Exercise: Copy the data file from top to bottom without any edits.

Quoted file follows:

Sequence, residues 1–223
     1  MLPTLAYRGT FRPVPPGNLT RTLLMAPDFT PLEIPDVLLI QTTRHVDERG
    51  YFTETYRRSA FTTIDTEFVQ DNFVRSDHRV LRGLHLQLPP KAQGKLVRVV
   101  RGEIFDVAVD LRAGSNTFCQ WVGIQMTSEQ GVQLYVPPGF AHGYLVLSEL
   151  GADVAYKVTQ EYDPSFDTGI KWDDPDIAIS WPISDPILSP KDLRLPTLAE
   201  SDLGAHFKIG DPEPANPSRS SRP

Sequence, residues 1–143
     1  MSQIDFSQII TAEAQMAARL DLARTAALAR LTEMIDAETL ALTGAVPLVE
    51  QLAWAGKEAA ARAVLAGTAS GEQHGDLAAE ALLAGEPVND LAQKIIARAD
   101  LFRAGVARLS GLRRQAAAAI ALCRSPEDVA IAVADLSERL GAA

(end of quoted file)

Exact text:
Sequence, residues 1–223
     1  MLPTLAYRGT FRPVPPGNLT RTLLMAPDFT PLEIPDVLLI QTTRHVDERG
    51  YFTETYRRSA FTTIDTEFVQ DNFVRSDHRV LRGLHLQLPP KAQGKLVRVV
   101  RGEIFDVAVD LRAGSNTFCQ WVGIQMTSEQ GVQLYVPPGF AHGYLVLSEL
   151  GADVAYKVTQ EYDPSFDTGI KWDDPDIAIS WPISDPILSP KDLRLPTLAE
   201  SDLGAHFKIG DPEPANPSRS SRP

Sequence, residues 1–143
     1  MSQIDFSQII TAEAQMAARL DLARTAALAR LTEMIDAETL ALTGAVPLVE
    51  QLAWAGKEAA ARAVLAGTAS GEQHGDLAAE ALLAGEPVND LAQKIIARAD
   101  LFRAGVARLS GLRRQAAAAI ALCRSPEDVA IAVADLSERL GAA